Life on the land in Australia


Drought photographic exhibition tours Queensland to raise awareness of farmers’ plight

 Cattle running in the sunset. Supplied Centacare CQ image www.ozrural.com

It is hoped an exhibition of photographs from one of Queensland’s most drought-affected regions will hang in Brisbane’s Parliament House to raise awareness about the impact of the dry.

The welfare agency Centacare CQ organised the exhibition, called “Drought … what next?” as a visual tribute to life on the land during drought, in the state’s central-west.

Spokeswoman Ricki Jeffrey said many people are reporting the worst conditions in three generations, and a travelling display was identified as one way to highlight the severity of the situation.

A farmer working on his bore and generator image www.ozrural.com

“So we are looking at [taking it to] Parliament House in Brisbane, we are just waiting for a time for that, and we are also looking at Canberra,” she said.

The exhibition was shown in Longreach, where it met with positive reviews from landholders involved.

Ms Jeffrey said Centacare CQ received federal funding to help drought-affected families earlier this year, but many families were telling the organisation they did not require counselling or family support services at this time.

She said staff have been working in the Barcaldine, Blackall/Tambo, Barcoo, Longreach, Isaac and Central Highlands local government areas, to support communities and families to build resilience and maintain relationships.

farmer watches on as cattle seek shelter in shade and drink water.image www.ozrural.com

“Our sense is that when we deliver services, it is much better to find out what people in communities need or want,” she said.

Overwhelmingly, we were told people going through this drought really wanted people in the towns, along the coast and in the cities, just to remember them and that would make a significant difference to their wellbeing,” she said.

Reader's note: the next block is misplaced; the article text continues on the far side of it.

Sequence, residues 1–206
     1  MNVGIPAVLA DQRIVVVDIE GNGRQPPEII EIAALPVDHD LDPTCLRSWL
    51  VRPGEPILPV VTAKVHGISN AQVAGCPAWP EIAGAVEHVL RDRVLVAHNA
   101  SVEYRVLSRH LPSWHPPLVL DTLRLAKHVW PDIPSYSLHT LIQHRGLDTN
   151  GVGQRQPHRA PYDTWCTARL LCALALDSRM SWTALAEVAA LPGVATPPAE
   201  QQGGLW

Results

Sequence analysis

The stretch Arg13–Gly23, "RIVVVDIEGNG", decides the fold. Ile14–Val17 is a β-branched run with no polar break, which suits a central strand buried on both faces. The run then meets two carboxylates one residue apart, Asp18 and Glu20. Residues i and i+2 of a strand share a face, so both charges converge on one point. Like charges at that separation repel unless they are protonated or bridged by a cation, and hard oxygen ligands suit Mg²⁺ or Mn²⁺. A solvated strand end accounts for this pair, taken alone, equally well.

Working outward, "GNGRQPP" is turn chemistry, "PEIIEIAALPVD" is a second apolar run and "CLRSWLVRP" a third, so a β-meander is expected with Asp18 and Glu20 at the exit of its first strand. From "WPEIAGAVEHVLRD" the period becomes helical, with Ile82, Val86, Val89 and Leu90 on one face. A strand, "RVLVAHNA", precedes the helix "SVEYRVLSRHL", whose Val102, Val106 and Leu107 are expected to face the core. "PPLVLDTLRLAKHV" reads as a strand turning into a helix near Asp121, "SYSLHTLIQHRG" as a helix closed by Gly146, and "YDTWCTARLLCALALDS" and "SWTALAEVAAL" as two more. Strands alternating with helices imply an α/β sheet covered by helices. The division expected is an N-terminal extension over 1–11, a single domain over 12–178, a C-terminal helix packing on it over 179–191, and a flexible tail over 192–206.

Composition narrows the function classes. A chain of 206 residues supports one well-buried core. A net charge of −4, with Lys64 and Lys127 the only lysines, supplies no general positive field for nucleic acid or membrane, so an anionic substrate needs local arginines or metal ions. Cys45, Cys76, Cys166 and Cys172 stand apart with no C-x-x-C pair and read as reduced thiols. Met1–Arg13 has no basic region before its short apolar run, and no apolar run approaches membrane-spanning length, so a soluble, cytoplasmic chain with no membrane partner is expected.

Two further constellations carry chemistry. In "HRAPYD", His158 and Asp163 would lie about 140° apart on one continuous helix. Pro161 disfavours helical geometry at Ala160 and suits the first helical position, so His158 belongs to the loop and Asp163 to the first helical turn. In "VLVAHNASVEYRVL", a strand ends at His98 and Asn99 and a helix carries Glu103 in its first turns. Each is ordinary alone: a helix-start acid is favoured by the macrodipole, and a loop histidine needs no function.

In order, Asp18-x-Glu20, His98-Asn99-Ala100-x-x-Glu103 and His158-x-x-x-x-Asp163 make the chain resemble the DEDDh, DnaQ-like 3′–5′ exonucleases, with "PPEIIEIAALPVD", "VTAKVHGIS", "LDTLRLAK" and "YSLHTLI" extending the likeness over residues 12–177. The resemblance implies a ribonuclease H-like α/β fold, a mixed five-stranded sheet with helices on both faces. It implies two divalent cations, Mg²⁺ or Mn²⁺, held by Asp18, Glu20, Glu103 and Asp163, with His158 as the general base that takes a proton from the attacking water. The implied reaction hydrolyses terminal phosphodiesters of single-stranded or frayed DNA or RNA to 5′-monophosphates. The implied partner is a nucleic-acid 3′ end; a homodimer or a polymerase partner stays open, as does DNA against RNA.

Centacare CQ, whose funding for the drought program runs out in December, said the drought was causing enormous hardship, with some people losing their homes, properties and sometimes their lives.

It said the exhibition aimed to document the havoc being caused by the seasonal conditions, and the human cost associated with the dry.

Ms Jeffrey said while there had been amazing generosity already shown by city areas, she was worried people do not understand how long it will take parched regions to recover.

Cows drinking water. (Supplied Centacare CQ)image www.ozrural.com

“I don’t think people understand how severe it is, and that was the idea behind the exhibition – to have something visual, so that people didn’t forget how bad it was and could see that 20 millimetres, even 100 millimetres – isn’t going to solve this issue.

The exhibition will also travel to Emerald and Barcaldine next year, and other local governments are being asked to hang the images.

A calendar has also been produced as part of the “Drought … what next?” project for landholders across the region.

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Henry Sapiecha

December 18th, 2014
Topic: CAMERAS PHOTOS, DROUGHTS FLOODS Tags: , , , , , , , ,

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